Colette’s Chéri opens in 1912, in pre-World War I Paris, yet given the setting and the characters, we could be in a 19th century novel. Chéri, whose unglamorous real name is Fred, is the only son of a former courtesan, Charlotte Peloux. Chéri was raised in the demi-monde world of women, which probably goes a long way to explaining his behaviour. When the novel opens, Chéri is in the bedroom of yet another retired courtesan, Léa. Unlike the usual fate of the tragic, worn out courtesan, Léa has done very well for herself. She lives in luxury. Chéri is in Léa’s boudoir, playing with, and demanding her pearl necklace as “it looks just as good on me as it does on you, even better!”
In front of the rose-colored curtains suffused with sunlight, he was dancing, all black, like a graceful devil with an inferno at his back. When he drew away toward the bed, he turned all white again from his silk pajamas to his doeskin babouches. […]
He stood, facing a full-length mirror that was mounted on the wall between the two windows, and gazed at his image: that of a very beautiful, very young man, neither tall nor short, his hair tinged with blue like the plumage of a blackbird. He opened his pajama top to reveal an olive-hued, firmly muscled chest, rounded like a shield, and an identical pink spark played on his teeth, on the whites of his dark eyes, and on the pearl of the necklace.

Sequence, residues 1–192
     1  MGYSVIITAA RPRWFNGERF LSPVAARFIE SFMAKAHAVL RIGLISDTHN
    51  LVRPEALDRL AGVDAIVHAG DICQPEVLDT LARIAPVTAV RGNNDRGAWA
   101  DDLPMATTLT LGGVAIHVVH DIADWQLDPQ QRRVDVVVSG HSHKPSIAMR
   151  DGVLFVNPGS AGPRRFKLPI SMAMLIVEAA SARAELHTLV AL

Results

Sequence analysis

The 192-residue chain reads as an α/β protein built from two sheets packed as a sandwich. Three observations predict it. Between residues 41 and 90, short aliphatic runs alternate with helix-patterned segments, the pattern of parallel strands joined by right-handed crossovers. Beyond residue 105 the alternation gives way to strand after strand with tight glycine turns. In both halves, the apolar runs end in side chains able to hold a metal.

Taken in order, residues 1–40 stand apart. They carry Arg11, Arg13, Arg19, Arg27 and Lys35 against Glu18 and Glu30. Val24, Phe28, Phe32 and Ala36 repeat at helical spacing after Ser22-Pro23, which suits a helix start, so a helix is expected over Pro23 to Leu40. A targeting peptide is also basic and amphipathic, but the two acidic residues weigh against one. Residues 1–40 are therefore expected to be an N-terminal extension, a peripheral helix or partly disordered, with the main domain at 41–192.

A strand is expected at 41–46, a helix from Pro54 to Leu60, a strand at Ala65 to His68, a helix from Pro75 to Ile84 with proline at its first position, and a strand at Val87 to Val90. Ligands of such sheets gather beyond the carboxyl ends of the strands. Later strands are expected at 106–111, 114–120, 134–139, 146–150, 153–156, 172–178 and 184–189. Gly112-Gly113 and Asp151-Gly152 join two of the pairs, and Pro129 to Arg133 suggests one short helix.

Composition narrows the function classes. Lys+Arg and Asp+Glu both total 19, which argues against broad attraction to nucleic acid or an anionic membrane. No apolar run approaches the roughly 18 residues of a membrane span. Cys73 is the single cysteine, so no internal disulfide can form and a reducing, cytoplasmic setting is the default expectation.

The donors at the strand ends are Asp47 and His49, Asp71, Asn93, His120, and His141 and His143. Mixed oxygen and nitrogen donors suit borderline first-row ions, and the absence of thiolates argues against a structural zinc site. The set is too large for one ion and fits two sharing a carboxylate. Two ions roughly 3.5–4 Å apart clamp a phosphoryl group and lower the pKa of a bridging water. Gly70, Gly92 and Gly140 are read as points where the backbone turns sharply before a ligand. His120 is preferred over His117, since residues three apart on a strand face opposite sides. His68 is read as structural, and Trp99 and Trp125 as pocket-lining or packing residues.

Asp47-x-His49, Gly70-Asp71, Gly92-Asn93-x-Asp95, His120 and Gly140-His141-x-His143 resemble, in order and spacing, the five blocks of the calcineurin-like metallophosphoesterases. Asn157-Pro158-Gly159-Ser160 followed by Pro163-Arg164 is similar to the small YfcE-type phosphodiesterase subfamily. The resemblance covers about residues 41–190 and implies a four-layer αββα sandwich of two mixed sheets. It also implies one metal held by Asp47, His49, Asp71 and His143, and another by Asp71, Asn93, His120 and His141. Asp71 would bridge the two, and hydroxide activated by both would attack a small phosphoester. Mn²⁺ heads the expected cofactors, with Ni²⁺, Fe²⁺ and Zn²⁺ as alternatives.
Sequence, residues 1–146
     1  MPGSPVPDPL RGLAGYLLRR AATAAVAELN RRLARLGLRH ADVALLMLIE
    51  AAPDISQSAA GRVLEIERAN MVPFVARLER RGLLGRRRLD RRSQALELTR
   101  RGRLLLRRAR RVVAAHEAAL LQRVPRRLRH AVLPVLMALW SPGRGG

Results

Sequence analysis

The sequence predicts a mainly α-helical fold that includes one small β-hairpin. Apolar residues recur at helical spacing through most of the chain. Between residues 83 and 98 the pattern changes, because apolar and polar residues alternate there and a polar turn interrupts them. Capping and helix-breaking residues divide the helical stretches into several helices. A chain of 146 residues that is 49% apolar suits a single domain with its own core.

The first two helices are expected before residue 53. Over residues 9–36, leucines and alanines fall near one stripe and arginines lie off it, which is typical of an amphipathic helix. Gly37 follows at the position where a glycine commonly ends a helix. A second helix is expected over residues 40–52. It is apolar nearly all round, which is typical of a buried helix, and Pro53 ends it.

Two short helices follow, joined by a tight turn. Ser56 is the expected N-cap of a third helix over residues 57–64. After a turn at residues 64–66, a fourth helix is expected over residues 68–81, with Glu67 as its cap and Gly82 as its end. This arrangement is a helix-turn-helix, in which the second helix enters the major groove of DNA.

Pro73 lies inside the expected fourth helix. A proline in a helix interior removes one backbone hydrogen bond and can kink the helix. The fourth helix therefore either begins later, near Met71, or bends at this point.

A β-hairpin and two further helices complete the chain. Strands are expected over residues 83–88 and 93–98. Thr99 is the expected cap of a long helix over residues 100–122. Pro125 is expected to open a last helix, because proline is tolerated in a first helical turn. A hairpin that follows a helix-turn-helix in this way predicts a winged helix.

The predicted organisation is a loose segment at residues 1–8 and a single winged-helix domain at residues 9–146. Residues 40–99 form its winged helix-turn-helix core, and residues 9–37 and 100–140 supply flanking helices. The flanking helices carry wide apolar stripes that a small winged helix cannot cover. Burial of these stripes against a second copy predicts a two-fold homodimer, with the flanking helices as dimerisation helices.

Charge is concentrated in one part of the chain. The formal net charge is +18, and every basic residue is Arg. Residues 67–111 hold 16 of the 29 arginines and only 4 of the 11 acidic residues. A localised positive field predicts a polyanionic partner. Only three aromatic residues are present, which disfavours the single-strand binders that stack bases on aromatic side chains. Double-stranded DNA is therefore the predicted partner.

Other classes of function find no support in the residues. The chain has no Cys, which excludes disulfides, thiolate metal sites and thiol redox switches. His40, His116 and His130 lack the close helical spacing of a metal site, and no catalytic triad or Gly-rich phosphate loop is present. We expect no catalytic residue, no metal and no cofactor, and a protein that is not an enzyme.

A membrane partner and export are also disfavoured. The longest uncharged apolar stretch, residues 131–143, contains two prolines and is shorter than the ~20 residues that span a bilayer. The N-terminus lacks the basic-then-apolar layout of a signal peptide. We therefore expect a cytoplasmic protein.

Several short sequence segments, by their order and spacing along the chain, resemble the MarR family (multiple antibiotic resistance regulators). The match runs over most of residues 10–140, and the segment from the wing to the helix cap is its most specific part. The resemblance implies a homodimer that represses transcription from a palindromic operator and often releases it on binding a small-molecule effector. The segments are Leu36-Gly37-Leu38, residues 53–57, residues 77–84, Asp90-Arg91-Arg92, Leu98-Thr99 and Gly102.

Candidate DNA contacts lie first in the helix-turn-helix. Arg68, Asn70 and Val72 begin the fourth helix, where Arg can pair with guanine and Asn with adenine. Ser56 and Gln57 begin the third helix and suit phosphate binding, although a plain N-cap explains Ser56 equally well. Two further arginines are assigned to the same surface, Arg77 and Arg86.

At this point, he seems like a gigolo, fresh flesh for Léa, “a well-heeled courtesan,” whose work days, at age 49, are over. Chéri certainly acts like a gigolo, a boy-toy, lounging around in an opulent boudoir. He’s spoiled, bores easily, playing with, and demanding jewels, but there’s more to Chéri than meets the eye. He’s intelligent, has a slight miserly touch and has invested his money wisely.
Six years ago, Léa ‘saved’ Chéri. She scraped him up from a wastrel life of debauchery, fed him, petted him, recuperated his health through training with a boxer, and gradually his health returned They’ve had an “affair” or as Léa calls it “an adoption” since then. Léa, sharing her life and her bed with Chéri, is the envy of all of her female friends.
Chéri and Léa’s lives are about to change dramatically, and so the book’s opening scene between Léa and Chéri is a sort of farewell. Chéri is be married in an arranged match to Edmée, the 18-year-old daughter of yet another one of Chéri‘s mother’s circle. There’s a meeting at the Peloux house with Chéri, his mother, Edmée and her mother, and, curiously, Léa in attendance. Edmée has led a sheltered life, and she seems terrified yet resigned as she looks with “unaffected dread” at the mention of the wedding. “Léa wasn’t the least but mistaken about the bewildered, defeated look” in Edmée’s eyes. But just as Chéri has hidden depths so does Edmée. She knows just how to handle Chéri, mainly by shrinking and minimizing his role in her life.
These two short novels follow the life of Chéri and his relationships. Chéri and Léa were inseparable for 6 years, but once Chéri leaves for his honeymoon, Léa’s supposed to smile and sail on. All her female friends are watching her with the acid hope that she will collapse with grief and that of course will spoil her well-preserved looks.
At first I expected a sort of love story, but no, this is a tale of finding one’s place in the world, having purpose and adjusting to change. The second novel, The End of Chéri, finds Chéri a WWI veteran who returns to find a world in which he is superfluous. Everyone, even Léa has adapted to the change.
Review copy. Translated by Paul Eprile.
You must be logged in to post a comment.